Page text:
How to Design a Website for Conversions
Basically, unless a website is for educational purposes only, it has to convert in some way. Yet understanding how to design a website for conversions is a topic that’s confusing to a lot of business professionals.
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What “conversions” are
A huge stumbling block around the topic of conversions is that many business owners who are unfamiliar with Internet marketing aren’t really sure what they are. And considering that the definition is different within each industry and business, that’s completely understandable.
Basically, a conversion is any action a site visitor takes that moves them a step closer to becoming a customer. For an ecommerce site, that might be as simple as making a purchase. For the website of a contracting company, that might mean filling out a contact form with project details.
The site elements that encourage visitors to take these actions are arguably the most important parts, because ultimately, they are what generate leads and revenue. And while stunning graphics, smooth navigation, and fancy flash designs are fun to look at, they simply don’t produce the results that contact forms and “buy now” buttons do.
How to plan for conversions
There are two basic aspects of website conversion that should be taken into consideration before you even start designing (or redesigning) your site:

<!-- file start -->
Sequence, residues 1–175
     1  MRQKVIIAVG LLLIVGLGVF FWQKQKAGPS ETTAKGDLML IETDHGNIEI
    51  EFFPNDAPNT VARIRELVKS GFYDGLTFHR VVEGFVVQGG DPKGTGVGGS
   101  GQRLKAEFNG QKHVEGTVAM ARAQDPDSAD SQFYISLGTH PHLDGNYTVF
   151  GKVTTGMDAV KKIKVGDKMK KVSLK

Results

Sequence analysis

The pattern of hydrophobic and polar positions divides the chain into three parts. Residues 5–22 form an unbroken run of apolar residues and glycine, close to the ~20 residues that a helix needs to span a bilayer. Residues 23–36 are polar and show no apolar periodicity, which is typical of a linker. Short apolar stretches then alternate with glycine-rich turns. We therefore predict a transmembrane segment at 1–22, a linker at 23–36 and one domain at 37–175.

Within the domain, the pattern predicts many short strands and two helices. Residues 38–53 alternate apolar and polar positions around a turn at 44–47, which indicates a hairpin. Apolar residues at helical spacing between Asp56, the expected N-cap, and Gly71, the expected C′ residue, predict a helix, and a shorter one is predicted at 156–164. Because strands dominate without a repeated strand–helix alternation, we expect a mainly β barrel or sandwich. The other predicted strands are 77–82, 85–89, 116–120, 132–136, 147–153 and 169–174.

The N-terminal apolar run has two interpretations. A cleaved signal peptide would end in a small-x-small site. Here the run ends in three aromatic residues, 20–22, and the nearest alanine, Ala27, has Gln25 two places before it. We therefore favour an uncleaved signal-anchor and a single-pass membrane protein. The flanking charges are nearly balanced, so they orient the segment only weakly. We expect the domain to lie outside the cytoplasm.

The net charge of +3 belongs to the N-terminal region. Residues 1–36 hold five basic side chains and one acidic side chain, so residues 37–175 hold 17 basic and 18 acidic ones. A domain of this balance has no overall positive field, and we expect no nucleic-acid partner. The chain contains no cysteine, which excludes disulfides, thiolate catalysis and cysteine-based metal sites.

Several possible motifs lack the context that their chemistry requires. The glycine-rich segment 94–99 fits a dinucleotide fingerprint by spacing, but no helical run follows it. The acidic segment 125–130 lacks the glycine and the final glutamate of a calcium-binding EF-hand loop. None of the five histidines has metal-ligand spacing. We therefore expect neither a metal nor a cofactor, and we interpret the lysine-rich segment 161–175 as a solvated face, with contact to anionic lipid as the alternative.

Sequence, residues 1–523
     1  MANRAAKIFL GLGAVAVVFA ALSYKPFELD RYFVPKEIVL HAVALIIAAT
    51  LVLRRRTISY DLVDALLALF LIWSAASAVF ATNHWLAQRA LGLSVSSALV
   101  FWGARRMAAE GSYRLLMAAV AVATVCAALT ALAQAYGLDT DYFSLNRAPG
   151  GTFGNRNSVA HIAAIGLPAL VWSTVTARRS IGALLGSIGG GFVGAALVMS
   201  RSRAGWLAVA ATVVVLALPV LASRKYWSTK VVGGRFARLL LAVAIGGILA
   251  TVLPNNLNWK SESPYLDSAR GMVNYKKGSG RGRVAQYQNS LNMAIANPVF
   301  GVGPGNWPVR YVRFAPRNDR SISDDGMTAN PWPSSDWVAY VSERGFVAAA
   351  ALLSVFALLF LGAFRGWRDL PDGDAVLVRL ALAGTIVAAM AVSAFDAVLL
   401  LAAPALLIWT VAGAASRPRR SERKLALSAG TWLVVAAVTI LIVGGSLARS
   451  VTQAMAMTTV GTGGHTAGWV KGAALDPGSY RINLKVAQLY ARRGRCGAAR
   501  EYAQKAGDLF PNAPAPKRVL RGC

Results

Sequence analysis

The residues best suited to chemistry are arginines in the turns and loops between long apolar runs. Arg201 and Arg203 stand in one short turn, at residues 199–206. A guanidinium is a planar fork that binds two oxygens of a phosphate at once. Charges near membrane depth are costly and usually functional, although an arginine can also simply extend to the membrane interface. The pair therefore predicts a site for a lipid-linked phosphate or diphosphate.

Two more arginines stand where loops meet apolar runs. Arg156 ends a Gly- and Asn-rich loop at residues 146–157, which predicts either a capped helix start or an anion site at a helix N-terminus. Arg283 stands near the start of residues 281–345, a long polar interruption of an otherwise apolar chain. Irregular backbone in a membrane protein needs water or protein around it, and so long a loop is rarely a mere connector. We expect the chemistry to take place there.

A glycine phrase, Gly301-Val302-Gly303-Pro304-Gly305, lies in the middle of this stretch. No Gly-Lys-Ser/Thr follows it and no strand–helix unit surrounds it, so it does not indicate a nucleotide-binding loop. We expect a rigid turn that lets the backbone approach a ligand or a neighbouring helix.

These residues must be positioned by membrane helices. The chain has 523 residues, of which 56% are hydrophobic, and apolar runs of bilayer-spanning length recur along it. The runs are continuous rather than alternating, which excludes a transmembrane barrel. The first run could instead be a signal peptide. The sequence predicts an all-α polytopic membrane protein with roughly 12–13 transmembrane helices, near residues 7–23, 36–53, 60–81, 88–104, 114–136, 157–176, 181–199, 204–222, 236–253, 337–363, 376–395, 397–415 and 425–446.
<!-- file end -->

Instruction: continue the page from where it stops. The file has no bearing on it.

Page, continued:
What do you want your visitors to do?
Chances are good that for most companies, there will be several answers to this question. For instance, a dentist’s office that offers online appointment bookings may want to give patients the option of scheduling through the website, or picking up the phone to call the office. In this case, there are really two conversions that have to be considered.
How will the conversions be measured?
One of the biggest advantages of Internet marketing is the ability to measure virtually every component of your strategy. This is especially important when it comes to conversion rates.
Once your anticipated conversions have been outlined (e.g., sign-ups for a free PDF download, completed shopping carts), the means of measuring them can be determined. With Google Analytics, this process is relatively straightforward.
After these questions have been answered, it’s time to figure out exactly how to design your website for conversions.
Think of your site in terms of a sales funnel
If you’re a business owner, you’re likely familiar with the idea of sales funnel. If not, it’s essentially the path a business wants a prospect to take to become a client or customer. When designed with this path in mind, the chances of high-converting pages improves.
The first step in outlining your site’s sales funnel is looking at the pages where the most important conversions happen. These pages are likely contact forms or product pages.
Learn how we increased traffic by over 40%, and conversions by over 100% for an ecommerce client.Read the Case Study
Then, figure out how to make it as easy as possible for each customer to get the page that is most likely to help him or her convert. In general, the fewer clicks he or she has to take, the better the odds that a conversion will happen.